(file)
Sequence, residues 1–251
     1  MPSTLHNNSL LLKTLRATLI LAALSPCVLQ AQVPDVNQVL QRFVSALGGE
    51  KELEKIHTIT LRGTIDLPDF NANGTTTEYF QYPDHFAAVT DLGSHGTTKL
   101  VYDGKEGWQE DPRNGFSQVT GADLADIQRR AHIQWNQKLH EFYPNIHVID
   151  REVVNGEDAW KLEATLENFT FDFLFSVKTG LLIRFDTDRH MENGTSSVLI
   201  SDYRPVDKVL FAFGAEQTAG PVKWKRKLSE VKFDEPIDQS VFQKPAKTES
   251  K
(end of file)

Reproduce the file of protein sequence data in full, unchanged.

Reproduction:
Sequence, residues 1–251
     1  MPSTLHNNSL LLKTLRATLI LAALSPCVLQ AQVPDVNQVL QRFVSALGGE
    51  KELEKIHTIT LRGTIDLPDF NANGTTTEYF QYPDHFAAVT DLGSHGTTKL
   101  VYDGKEGWQE DPRNGFSQVT GADLADIQRR AHIQWNQKLH EFYPNIHVID
   151  REVVNGEDAW KLEATLENFT FDFLFSVKTG LLIRFDTDRH MENGTSSVLI
   201  SDYRPVDKVL FAFGAEQTAG PVKWKRKLSE VKFDEPIDQS VFQKPAKTES
   251  K